(Subtitles) I lived here with my husband, Ramo, our oldest son, Nermin, and younger, Edin.

(Subtitles) This is the Drina, flowing downstream from Serbia. You see those houses there? That’s Serbia, the border. Shooting came from there, I didn’t even know what it was. We fled through the woods, up that way. We were in Srebrenica until we were forced out. At that point, we separated. My husband went through the woods with our son, Nermin. We said, “Let’s survive. It’s all that matters.”

(Subtitles) This is my older son, Nermin. This is my younger son, Edin. The photo albums were left behind, everything burned. Their teacher gave me these, thanks be to her.

(Subtitles) They were so alike. My Edin was killed on the 6th of July, by a mortar. I couldn’t eat. Nermin, my older son, would tell me “Mom, eat. I know you lost your son, but I lost my brother and my friend.”

(Subtitles) This is my husband. I had a life with him.

GENERAL RATKO MLADIC:

(Subtitles) That’s their mosque over there. They built it during the war.

PETER McCLOSKEY:

So, by the afternoon of 11 July, Mladic and his forces entered Srebrenica town. They found it almost completely vacant.

GENERAL RATKO MLADIC:

Congratulations, well done. Are our men still ahead?

MALE:

(Subtitles) They are.

GENERAL RATKO MLADIC:

(Subtitles) Good. They are sweeping the town, it’s taken.

(Subtitles) Here we are, on July 11, 1995, in Serb Srebrenica. On the eve of yet another great Serb holiday, we give this town to the Serb people, as a gift. Finally, the time has come to take revenge on the Turks (Muslims) in the region.

PETER McCLOSKEY:

After this ominous remark about revenge, Mladic’s troops captured and systematically murdered thousands of Srebrenica men and boys.

MALE NEWSREADER:

A human tragedy is unfolding in the eastern enclave of Srebrenica. Bosnian Serb infantry have effectively outmaneuvered the UN and taken control of the town. Resistance was reported to be minimal.

FEMALE NEWSREADER:

The town was supposed to be a safe haven, protected by the moral and military force of the world community, in the shape of the UN.

FEMALE REPORTER:

There are hundreds and hundreds of people, around probably 20,000 or more, surrounding the Dutch Battalion compound, and everybody is fleeing the city.

MALE NEWSREADER:

After overrunning Srebrenica town, the Serbs surrounded the UN base, nearby at Potocari, where up to 40,000 refugees have gathered.

MALE NEWSREADER:

The Bosnian Serb Commander in Chief, General Ratko Mladic justified the attack, stating it was to rout Muslim terrorists and to demilitarize the enclave, an operation, he added, that the UN had failed to complete.

MALE NEWSREADER:

A senior UN official here today said that there was nothing the UN can do at the moment, short of going to war with the Bosnian Serbs, and that is very much not on the agenda.

GENERAL RATKO MLADIC:

(Subtitles) Come on, man, don’t film too much.

PETER McCLOSKEY:

This case involves two horrendous crimes: the forced movement of the Muslim population, together with the mass murder of thousands of Bosnian Muslim men and boys, all amounting to the elimination of the Muslim population from Srebrenica in genocide.

Mladic was present in Potocari on 12 and 13 July, while the VRS began the process of putting the women and children on buses to Muslim controlled territory and separating and holding the Muslim men and boys for execution.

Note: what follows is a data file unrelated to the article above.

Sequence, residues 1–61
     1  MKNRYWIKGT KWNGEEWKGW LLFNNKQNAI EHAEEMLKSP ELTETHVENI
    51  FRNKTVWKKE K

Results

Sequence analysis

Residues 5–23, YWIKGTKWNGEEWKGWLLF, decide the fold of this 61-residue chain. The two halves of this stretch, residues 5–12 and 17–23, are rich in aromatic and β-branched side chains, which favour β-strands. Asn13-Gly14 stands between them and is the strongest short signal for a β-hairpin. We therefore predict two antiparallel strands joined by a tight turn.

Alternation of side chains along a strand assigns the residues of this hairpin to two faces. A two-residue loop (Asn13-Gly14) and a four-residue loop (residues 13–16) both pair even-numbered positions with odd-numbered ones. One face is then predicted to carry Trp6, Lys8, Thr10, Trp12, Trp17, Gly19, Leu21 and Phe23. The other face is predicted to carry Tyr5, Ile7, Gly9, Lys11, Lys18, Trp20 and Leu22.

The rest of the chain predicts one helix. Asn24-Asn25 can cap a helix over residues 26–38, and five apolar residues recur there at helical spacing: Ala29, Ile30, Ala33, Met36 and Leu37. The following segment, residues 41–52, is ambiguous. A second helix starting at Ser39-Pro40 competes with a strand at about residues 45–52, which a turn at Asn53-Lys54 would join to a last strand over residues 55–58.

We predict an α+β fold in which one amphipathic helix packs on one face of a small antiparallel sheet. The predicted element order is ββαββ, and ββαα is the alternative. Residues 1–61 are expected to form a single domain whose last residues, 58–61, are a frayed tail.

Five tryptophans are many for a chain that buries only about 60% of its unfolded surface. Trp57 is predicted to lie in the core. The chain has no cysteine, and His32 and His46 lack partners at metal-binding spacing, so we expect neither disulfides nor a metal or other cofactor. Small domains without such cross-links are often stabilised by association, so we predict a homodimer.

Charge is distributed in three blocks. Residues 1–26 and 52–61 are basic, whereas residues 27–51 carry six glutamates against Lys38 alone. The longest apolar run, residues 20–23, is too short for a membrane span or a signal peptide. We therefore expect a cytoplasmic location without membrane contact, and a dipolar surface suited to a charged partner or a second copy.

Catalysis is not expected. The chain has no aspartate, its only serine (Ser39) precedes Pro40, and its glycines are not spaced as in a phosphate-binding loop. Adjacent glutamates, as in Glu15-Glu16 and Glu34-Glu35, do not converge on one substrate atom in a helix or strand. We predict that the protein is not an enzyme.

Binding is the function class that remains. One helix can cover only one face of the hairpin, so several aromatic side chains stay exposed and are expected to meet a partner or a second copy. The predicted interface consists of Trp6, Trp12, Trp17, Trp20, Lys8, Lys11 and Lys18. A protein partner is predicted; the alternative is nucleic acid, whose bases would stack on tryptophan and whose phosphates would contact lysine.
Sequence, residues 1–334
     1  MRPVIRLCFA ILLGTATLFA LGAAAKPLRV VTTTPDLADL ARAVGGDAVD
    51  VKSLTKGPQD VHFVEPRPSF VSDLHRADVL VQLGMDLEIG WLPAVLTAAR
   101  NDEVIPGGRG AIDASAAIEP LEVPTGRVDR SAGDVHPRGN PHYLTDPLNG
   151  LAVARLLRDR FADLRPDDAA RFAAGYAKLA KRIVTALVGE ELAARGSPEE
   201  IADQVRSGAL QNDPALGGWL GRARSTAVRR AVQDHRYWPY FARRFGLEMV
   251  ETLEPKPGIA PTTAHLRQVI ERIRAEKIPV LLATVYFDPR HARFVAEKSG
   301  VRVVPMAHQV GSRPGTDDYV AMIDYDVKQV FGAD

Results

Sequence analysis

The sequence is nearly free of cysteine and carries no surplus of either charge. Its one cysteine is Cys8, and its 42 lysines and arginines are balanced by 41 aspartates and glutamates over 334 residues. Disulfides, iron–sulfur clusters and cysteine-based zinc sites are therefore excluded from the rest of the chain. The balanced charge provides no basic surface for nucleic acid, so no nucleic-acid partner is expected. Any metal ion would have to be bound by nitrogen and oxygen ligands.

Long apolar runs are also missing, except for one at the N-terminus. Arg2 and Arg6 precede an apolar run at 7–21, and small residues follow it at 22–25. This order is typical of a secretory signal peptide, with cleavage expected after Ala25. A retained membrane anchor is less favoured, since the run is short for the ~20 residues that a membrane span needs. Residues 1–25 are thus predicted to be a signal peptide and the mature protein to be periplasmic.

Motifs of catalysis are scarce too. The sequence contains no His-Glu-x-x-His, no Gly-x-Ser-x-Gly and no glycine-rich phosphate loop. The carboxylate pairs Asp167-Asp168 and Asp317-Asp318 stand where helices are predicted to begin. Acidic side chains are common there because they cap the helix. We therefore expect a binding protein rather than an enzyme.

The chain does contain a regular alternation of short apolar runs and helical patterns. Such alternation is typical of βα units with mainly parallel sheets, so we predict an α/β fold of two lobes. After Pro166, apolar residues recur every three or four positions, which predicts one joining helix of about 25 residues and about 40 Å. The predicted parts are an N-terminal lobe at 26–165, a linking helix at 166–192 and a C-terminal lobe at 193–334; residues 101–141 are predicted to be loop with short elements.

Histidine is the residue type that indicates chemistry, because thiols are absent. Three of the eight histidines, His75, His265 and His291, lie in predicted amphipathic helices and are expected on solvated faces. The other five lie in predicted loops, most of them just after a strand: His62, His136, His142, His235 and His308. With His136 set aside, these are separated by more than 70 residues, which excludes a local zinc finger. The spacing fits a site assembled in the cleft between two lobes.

A SREBRENICA MOTHER

May 2013. / DAY No. 153 of trial

GLENNA McGREGOR, Prosecutor:

It’s not very, not very fancy here. It’s messy.

The part where I am asking you questions, I think it’s going to seem, actually, very short, surprisingly. And I think that you’ve probably been told this already, but Mladic will also be in the courtroom, sitting up behind his lawyers.

We hope that he stays quiet and listens, because he should hear what you have to say.

PETER McCLOSKEY:

The reason we’re calling Saliha Osmanovic is because she decided, on the 11th of July, that she had to leave with her family from Srebrenica, otherwise she would be, she would be killed by the Serbs. And this is, this is the ethnic cleansing. This is the “forcible transfer” count. And so, that’s the first thing we bring out with her.

GLENNA McGREGOR:

Her situation was, all of a sudden, it is not safe for us to be here in our home, anymore.

PETER McCLOSKEY:

Okay, well there’s, there’s fleeing the fighting which is normal, and we’d all do that…

GLENNA McGREGOR:

Right. Yeah.

PETER McCLOSKEY:

…when the shells started. Was there anything indicated, in her mind, anything else besides just fleeing shells falling?

GLENNA McGREGOR:

Well, it’s not just shells falling, it’s a sense of being…what she communicated, at least, was, “I, as a Muslim, am not going to be safe here,” and not just “I might get caught in some random, random crossfire.” She actually said, “Yeah, it was safer if you wanted to get your throat slit.”

PETER McCLOSKEY:

How are you doing?

INTERPRETER:

(Speaks Bosnian)

PETER McCLOSKEY:

(Speaks Bosnian). I can do that, too. Okay, I’ll see you in there in a minute.

INTERPRETER:

(Translates)

SALIHA OSMANOVIC:

(Speaks Bosnian)

INTERPRETER:

(Subtitles) Good luck!

PETER McCLOSKEY:

(Subtitles) Good luck!

RAMO:

(Subtitles) I’m here! It’s fine! With the Serbs!

GLENNA McGREGOR:

Mrs. Osmanovic, do you recognize the man that’s featured in that video?

SALIHA OSMANOVIC:

(Subtitles) Of course I do. This was my man.

GLENNA McGREGOR:

You state that you went to Potocari on 11 July. Did you go to Potocari from the town of Srebrenica?

SALIHA OSMANOVIC:

(Subtitles) Yes, I did. Mladic said, “Leave your possessions and go!” I was right next to him.

GLENNA McGREGOR: